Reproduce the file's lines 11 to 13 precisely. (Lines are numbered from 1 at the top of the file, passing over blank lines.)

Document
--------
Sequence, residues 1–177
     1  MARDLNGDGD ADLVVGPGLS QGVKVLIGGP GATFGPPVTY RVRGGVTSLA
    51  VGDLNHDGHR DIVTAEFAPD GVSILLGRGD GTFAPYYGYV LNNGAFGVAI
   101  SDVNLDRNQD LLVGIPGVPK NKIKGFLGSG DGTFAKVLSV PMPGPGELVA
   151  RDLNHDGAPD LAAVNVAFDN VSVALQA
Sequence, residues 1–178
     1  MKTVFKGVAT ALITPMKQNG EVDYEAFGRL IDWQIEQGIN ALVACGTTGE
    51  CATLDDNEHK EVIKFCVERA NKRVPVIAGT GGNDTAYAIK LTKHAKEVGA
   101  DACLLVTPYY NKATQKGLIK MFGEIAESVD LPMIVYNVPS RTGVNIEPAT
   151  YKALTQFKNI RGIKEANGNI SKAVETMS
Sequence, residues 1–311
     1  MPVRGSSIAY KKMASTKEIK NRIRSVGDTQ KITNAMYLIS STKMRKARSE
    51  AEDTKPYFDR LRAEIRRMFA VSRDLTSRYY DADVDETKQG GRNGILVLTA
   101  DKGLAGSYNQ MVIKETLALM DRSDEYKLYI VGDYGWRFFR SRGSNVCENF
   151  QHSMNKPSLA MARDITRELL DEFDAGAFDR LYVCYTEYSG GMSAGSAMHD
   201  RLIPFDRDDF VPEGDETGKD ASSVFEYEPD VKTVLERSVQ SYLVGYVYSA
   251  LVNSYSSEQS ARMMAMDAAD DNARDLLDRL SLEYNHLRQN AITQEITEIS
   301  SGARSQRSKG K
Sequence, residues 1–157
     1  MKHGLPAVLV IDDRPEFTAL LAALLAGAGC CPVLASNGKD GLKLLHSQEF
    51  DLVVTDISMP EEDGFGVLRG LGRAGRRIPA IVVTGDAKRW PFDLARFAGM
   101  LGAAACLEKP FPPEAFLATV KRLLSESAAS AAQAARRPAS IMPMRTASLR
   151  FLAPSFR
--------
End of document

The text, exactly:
Sequence, residues 1–311
     1  MPVRGSSIAY KKMASTKEIK NRIRSVGDTQ KITNAMYLIS STKMRKARSE
    51  AEDTKPYFDR LRAEIRRMFA VSRDLTSRYY DADVDETKQG GRNGILVLTA